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telephone communication with the company's New York office, Crandall recognized for the prisoner's appearance at court; and later the company executed a bond to indemnify him. McKenna was afterwards defaulted, and Crandall's liability on the recognizance was discharged by the check of the surety company for $1,000 paid to the prosecuting attorney.

The action of the National Surety Company was brought to recover the difference between the $600 deposited by Nazzaro and the $1,000 it paid in discharge of Crandall's liability, together with its counsel fees. Nazzaro seeks by his action to get back the $600 deposited by him as collateral security.

The instrument on which the surety company seeks to prevail is a comprehensive, carefully framed indemnity contract under seal, presumably prepared by the company. It plainly contemplates the signing of a "bail bond" by the company, as surety. It recites, "Whereas, the Company signed and executed said bond as such surety upon condition of the execution and delivery hereof. . . ." Nazzaro's obligation is expressly confined to indemnifying and saving harmless the company from its liability "upon said instrument," or in connection therewith. As matter of fact the bail bond which the company signed was not accepted, and never became operative. The release of McKenna was not obtained on a bail bond but on a recognizance. And the surety on the recognizance was not the surety company but Fitch D. Crandall.

The words" recognizance" and "bail" when used in statutes are often construed as interchangeable; and, speaking generally, like rules of law are applicable to both these kinds of obligation. See Commonwealth v. Gove, 151 Mass. 392; Lovejoy v. Isbell, 70 Conn. 557; In re Brown, 35 Minn. 307; Swan v. United States, 3 Wyo. 150. Nevertheless a bail bond and a recognizance are intrinsically different. In criminal cases a bail bond is a contract under seal, executed by the accused, and from its nature requiring sureties or bail to whose custody he is committed. A recognizance is an obligation of record, entered into before some court or magistrate authorized to take it, with condition to do some particular act; and the prisoner is often allowed to obligate himself to answer to the charge. 6 C. J. 821, and notes. Crane v. Keating, 13 Pick. 339. Commonwealth v. M'Neill, 19 Pick. 127.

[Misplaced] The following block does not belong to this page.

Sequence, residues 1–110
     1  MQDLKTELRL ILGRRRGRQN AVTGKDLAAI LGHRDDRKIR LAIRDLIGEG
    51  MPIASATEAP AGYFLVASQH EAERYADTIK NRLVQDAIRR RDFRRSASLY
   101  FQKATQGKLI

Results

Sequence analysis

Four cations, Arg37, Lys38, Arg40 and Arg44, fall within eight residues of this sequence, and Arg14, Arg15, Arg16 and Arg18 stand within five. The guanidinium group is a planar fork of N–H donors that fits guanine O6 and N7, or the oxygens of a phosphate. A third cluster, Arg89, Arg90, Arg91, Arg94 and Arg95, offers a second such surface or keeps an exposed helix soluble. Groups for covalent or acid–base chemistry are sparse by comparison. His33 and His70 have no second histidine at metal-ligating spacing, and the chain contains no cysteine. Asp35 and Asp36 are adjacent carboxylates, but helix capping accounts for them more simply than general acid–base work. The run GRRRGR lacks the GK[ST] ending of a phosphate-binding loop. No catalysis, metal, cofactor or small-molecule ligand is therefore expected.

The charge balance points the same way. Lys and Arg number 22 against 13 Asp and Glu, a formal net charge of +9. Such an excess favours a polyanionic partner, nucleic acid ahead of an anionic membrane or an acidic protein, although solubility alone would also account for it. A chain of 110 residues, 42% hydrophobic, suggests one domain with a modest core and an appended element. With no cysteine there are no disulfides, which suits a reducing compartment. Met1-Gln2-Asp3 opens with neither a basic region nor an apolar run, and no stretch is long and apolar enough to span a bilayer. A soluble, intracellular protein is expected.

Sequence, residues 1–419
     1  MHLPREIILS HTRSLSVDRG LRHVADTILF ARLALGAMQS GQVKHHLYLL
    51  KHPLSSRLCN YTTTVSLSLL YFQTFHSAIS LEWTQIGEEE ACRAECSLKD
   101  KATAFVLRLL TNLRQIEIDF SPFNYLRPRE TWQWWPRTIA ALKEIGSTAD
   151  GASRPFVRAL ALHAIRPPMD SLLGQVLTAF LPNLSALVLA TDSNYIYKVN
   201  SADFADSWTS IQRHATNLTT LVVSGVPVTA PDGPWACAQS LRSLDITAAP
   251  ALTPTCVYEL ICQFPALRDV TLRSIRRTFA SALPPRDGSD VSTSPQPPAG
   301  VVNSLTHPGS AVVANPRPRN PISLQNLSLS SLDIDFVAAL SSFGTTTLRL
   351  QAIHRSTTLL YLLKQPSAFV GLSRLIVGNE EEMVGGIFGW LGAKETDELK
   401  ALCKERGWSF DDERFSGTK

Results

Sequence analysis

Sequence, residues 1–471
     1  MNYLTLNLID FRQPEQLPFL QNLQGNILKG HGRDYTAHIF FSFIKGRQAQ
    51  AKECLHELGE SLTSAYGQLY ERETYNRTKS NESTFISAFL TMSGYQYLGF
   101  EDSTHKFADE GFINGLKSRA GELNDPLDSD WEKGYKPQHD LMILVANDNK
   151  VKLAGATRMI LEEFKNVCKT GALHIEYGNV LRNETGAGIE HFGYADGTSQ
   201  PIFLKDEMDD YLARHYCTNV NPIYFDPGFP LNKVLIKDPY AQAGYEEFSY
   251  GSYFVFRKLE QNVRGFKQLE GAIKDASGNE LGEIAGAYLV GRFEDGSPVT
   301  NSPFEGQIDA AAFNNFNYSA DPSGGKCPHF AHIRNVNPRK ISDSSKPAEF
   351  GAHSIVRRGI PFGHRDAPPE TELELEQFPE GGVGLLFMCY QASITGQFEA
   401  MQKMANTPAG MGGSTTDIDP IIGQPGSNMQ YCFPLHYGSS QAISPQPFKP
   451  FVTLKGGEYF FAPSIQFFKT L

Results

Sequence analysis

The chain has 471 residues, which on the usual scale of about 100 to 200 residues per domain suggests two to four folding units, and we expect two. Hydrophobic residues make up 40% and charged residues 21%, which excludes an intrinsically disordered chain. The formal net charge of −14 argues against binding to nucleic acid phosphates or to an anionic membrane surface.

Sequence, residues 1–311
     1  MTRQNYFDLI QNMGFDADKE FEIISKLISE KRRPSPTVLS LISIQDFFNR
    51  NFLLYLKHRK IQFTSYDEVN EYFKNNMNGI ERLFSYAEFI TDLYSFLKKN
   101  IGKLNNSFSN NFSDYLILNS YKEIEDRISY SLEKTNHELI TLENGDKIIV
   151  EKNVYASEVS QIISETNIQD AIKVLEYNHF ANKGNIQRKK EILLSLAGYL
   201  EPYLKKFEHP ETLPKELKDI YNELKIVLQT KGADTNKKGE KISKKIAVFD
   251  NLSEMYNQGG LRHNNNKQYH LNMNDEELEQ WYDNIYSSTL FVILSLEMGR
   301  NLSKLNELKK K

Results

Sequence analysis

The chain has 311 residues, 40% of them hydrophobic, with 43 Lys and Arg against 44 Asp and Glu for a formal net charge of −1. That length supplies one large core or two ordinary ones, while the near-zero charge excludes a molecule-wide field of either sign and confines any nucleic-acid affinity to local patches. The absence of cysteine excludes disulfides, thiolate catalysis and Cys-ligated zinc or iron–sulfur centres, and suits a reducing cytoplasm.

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Commonwealth v. Canada, 13 Pick. 86. Warner v. Howard, 121 Mass. 82. R. L. c. 217, ยงยง 65, 66, 77. St. 1912, c. 330. People v. Kane, 4 Denio, 530. State v. Dorr, 59 W. Va. 188. State v. Wilson, 175 S. W. Rep. 603. The rights and liabilities of the sureties in a bail bond and of sureties in a recognizance may be different. See Merrill v. Prince, 7 Mass. 396; Johnson v. Randall, 7 Mass. 340.

Without going further, we are of opinion that it could not be ruled as matter of law that by providing a recognizance to release McKenna the surety company had complied with its express obligation to execute a "bail bond," thereby entitling it to recover on Nazzaro's contract of indemnity. While apparently it is the practice in Massachusetts to use a recognizance, the law of Connecticut, where bail was to be given, was not introduced in evidence at the trial. See Electric Welding Co. Ltd. v. Prince, 200 Mass. 386. And as there was conflicting evidence as to Blume's powers, it was for the jury to say whether he was the agent of Nazzaro, and was authorized to bind him by substituting a recognizance for a bail bond, and another surety for the surety company. In Bird v. Washburn, 10 Pick. 223, on which the surety company relies, the obscure agreement was construed as intended to indemnify both or either of the plaintiffs, according to the contingent event that both or either should become bail.

It follows that Nazzaro's exception in each case to the direction of a verdict for the surety company must be sustained; and it is

So ordered